THE legal uncertainties involved in international trade are enough to dissuade many Australian firms from venturing into the export world. But it’s not an issue unique to businesses in this country.
This international dilemma has resulted in moves to develop a clearer convention on the way disputes between countries are to be handled.
A survey released last month by the Paris-based International Chamber of Commerce found that a large proportion of companies do not go ahead with international contracts because of doubts about which national courts would resolve any dispute.
Of 110 leading companies worldwide, which together employ more than 3,000,000 people, 40 said they had been affected by uncertainty.
The ICC has presented the survey’s results to a panel of officials, who are drafting a proposed Hague Convention on Jurisdiction and Recognition and Enforcement of Foreign Judgements in Civil and Commercial Matters.
A senior official of the Hague Conference on private international law, Andea Schulz, said the group was taking on board the concerns about the need for certainty and predicability in jurisdictional matters.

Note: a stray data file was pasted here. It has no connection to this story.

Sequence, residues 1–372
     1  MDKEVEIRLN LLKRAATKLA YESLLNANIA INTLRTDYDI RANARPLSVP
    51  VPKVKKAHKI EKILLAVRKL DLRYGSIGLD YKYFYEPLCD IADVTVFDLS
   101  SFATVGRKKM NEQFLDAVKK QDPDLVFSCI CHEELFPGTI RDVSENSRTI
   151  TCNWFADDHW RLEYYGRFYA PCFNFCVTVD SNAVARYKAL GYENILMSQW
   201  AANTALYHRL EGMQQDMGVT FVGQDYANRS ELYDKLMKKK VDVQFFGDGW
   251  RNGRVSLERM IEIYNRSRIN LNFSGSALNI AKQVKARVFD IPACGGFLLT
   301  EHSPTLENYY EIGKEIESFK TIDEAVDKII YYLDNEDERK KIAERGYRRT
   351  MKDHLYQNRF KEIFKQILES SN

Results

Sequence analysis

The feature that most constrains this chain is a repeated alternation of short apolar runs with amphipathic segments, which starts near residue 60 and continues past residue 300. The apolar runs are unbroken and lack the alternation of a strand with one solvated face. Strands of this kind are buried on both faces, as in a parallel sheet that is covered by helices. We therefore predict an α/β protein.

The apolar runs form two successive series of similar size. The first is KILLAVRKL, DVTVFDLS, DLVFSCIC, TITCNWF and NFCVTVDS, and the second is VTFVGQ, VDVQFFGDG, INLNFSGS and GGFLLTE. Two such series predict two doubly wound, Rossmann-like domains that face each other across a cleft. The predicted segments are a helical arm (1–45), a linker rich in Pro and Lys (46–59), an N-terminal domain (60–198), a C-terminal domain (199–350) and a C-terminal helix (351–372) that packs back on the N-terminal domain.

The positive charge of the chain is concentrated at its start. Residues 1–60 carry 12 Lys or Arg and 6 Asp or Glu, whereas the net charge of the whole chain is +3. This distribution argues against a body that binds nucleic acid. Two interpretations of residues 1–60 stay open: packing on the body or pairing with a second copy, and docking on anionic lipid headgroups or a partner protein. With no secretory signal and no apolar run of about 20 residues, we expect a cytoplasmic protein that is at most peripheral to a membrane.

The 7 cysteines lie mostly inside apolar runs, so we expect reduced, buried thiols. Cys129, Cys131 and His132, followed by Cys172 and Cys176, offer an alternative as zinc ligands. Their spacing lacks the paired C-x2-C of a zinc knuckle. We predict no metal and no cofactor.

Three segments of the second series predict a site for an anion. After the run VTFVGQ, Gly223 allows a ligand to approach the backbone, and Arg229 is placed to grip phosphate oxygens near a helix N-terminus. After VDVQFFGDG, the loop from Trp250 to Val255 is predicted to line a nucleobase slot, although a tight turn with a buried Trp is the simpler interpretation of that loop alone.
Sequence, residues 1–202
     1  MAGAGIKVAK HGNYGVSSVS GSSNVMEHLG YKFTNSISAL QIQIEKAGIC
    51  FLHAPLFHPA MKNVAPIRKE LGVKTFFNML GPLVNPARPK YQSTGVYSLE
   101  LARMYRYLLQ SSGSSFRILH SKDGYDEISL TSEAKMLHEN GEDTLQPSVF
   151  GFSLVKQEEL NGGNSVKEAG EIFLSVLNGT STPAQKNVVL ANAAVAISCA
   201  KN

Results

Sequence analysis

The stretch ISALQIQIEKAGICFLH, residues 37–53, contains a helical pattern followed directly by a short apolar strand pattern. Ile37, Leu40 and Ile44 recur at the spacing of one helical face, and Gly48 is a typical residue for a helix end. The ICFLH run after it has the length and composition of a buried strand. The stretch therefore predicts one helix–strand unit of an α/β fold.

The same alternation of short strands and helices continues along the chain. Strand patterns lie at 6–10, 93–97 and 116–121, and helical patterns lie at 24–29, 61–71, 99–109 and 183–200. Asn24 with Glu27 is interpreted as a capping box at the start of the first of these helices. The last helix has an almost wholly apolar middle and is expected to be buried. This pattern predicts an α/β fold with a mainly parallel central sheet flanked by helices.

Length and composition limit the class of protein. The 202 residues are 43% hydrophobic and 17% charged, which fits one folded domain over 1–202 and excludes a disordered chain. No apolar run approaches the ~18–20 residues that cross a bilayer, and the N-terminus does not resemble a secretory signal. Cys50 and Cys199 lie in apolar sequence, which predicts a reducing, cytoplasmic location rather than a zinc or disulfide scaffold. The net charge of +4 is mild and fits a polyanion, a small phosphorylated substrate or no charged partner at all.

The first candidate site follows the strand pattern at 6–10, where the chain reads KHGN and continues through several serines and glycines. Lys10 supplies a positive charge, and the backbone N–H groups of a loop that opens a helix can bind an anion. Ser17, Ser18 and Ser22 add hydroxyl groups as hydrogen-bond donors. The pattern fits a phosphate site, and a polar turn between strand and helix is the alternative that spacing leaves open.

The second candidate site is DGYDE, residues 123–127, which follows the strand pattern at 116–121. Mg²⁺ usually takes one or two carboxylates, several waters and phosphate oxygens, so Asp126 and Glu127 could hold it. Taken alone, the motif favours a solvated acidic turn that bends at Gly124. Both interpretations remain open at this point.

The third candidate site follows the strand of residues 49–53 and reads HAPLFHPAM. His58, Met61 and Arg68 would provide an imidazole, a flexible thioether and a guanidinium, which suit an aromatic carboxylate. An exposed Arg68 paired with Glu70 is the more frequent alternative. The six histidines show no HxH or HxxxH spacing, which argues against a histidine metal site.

ICC international business lawyer Michael Hancock said it was far from an academic issue for business.
“Business needs predicability and certainty in international contracts,” he said.
“When two companies make a choice of a national court in a contract they have a good reason for doing so, and their choice must be respected.”
An ICC statement addressed to the negotiators in The Hague said: “Businesses’ principal expectations are that the convention will respect choice of national court and enforceability of judgements.”
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